The sun warms the golden sands as waves from the Atlantic Ocean roll in. Children shriek with joy as they swim or play games on the beach. And businesses thrive along and the beachfront from the hundreds of tourists who visit every day.
But it wasn’t always like this for the coastal town of Saly in Senegal. Located about 2 hours driving distance south of the capital of Dakar, Saly’s fortunes as a premier tourist destination suffered as a result of severe beach erosion due to climate change, coupled with the Ebola threat a few years ago and fears of terrorism, leaving this once-bustling beach town in near crisis. Several hotels were forced to close, while others struggled to attract clients. “I saw the beach disappear a little every year. When the (restoration) work started, there was no beach at all,” said Norbert Telisson, Director of the beachfront Neptune Hotel.
With the help of the World Bank, the Government of Senegal is reviving tourism as a priority sector to drive economic growth and contribute to job creation, especially for youth, women, and less skilled workers. One initiative is the Senegal Tourism and Enterprise Development Project, a 5-year, $74 million project financed by the International Development Association (IDA), the World Bank’s fund for assisting the world’s poorest countries. Tourism is one of the most promising sectors for future growth and job creation in Senegal, as recognized in the new national development strategy, Plan Senegal Emergent (PSE). And reversing beach erosion in Saly was critical to revitalizing the tourism sector.
From erosion to restoration
The project helped regain 325,000 sq metres of beach, more than 12 times the initial target of restoring 25,000 sq metres of beach along the coast of Saly. The beach restoration and coastal protection work included the construction of 19 groins and breakwaters to stabilize a 7 km stretch of beach against erosion, combined with sand dredging/recharging to regain beach surface area that was already lost.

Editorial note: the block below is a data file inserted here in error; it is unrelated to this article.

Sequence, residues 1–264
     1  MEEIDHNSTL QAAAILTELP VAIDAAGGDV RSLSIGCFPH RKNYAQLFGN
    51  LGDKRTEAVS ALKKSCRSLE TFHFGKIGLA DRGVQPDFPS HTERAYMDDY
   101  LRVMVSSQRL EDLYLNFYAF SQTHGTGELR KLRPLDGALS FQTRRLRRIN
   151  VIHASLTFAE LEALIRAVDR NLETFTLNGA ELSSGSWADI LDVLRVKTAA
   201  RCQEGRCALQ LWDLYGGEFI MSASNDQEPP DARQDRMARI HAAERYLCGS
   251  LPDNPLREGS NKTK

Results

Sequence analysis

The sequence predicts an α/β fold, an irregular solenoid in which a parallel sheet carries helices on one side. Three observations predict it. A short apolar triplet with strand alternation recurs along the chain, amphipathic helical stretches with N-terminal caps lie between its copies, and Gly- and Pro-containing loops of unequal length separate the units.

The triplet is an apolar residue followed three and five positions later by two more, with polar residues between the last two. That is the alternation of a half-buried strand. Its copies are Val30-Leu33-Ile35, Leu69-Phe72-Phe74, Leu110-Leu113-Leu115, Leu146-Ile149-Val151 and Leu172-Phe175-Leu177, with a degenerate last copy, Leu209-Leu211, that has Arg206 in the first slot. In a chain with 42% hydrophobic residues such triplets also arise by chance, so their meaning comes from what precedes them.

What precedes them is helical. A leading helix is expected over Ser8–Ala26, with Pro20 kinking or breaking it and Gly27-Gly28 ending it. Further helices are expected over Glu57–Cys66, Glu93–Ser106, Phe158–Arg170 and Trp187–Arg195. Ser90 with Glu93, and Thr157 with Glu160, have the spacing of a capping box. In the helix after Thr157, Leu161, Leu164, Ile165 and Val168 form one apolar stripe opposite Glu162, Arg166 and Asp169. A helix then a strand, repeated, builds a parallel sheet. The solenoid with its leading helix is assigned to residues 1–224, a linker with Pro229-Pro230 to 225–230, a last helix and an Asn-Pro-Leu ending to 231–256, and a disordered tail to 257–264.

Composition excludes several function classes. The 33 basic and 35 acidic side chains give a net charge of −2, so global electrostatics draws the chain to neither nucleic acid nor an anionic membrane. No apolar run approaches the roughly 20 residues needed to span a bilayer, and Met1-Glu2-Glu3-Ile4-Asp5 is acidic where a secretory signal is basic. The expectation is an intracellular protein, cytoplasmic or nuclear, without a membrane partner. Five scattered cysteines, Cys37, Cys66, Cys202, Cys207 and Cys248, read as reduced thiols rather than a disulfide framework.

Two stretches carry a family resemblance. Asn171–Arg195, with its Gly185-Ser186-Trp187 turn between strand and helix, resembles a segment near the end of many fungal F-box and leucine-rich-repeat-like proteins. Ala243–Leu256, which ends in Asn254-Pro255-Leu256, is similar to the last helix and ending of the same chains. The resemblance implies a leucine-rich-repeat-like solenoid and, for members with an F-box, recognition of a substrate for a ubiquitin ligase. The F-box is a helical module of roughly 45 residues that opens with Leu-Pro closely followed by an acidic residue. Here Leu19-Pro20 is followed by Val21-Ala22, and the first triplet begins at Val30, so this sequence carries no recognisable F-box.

The project has also benefitted fishing communities near Saly. Beach protection and restoration work was extended to include two fishing villages, enabling fishermen to once again dock their boats at their villages instead of in the neighboring town of Mbour, over 5 kms away. The project also built structures for fish drying and sale, work largely done by women, as well as equipment storage, and provided cold storage facilities for fresh fish. Along the beach at the two villages, trees were planted, and solar lighting installed. A system of waste management on the restored beaches was also put in place, 10 hectares of mangrove forest were planted at Joal-Fadiouth, and 200 underwater reefs were installed to prevent erosion due to the removal of offshore sand.
The beach protection and restoration work is a prime example of climate resilient infrastructure in coastal and marine tourism. It was the first-of-its-kind coastal protection integrated solution in western Africa, built to withstand extreme weather events without needing major infrastructure maintenance cost for another 20-30 years. The success of the project is already proving to be a model for other coastal areas facing similar challenges in Senegal and beyond. The project design has been replicated in The Gambia, where the Tourism Diversification and Resilience Project, currently underway, aims to revitalize the tourism sector in a country highly dependent on sun-and-sand tourism but extremely vulnerable to sea level rise.